Six review articles also cover topics ranging from neural circuits to intracellular signaling pathways. The contribution by Glanzman addresses the current state of the field of Aplysia learning. This article emphasizes the importance of postsynaptic contributions to learning-dependent modifications of synaptic strength. Romano and colleagues examine the signal transduction pathways activated by long-term memory consolidation during a context-signal associative-learning paradigm in the crab Chasmagnathus. This contribution includes a consideration of the role of amyloid precursor protein (APP) in memory storage in the crab and discusses the potential relevance of this model to understanding APP's role in human neuropathological conditions.

Crow and Tian present a review of the circuits involved in Pavlovian conditioning in Hermissenda by examining the neural circuit of ciliary locomotion. This neural circuit is crucial because it is the site of convergence of the conditioned and unconditioned stimuli in this system. Manabu Sakakibara compares conditioning in Hermissenda and Lymnaea. Although the two systems exhibit some similarities, this paper reports several fundamental organizational differences between the marine and freshwater species. Hochner et al. give a fascinating overview of learning and memory in the octopus model system and detail a new in vitro slice preparation of the ventral lobe of the octopus brain. This preparation promises to permit in-depth studies of the neurophysiological correlates of learning in this classic model. The series of review articles concludes with a paper by Grant, Pant, and colleagues describing compartment-specific dynamic protein modification by phosphorylation and dephosphorylation. This paper uses the squid giant fiber to examine the differences in phosphorylation of key cytoskeletal proteins depending on their location in the neuron. A provocative discussion of the potential relevance of this model to neurodegenerative diseases is also presented. Finally, Elaine Bearer summarizes the DART symposium on learning and memory held at the Marine Biological Laboratory in August of 2006.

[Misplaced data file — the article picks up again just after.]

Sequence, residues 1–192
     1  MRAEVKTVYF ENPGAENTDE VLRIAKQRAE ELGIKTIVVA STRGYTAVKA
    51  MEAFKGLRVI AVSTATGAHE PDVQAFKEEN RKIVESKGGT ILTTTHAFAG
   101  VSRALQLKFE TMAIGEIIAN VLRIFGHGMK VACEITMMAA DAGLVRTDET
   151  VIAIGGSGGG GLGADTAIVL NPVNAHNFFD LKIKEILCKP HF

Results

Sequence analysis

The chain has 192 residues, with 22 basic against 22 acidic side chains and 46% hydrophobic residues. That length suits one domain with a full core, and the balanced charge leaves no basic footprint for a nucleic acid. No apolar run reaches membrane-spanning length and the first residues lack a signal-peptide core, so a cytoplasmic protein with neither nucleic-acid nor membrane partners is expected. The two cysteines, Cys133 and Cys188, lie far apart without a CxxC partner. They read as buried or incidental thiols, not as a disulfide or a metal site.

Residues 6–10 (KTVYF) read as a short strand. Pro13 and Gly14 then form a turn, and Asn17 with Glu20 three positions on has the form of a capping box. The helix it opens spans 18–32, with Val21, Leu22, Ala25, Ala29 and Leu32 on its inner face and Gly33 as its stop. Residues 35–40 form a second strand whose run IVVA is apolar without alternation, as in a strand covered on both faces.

We once again enthusiastically thank all of the participants for their insightful and thought-provoking contributions to the first Biological Bulletin Virtual Symposium. Each article adds to a broad panorama that portrays the present status of the field of invertebrate learning and memory. We hope that this forum conveys the enduring value and relevance of these models and stimulates readers toward further exploration of their extraordinary promise.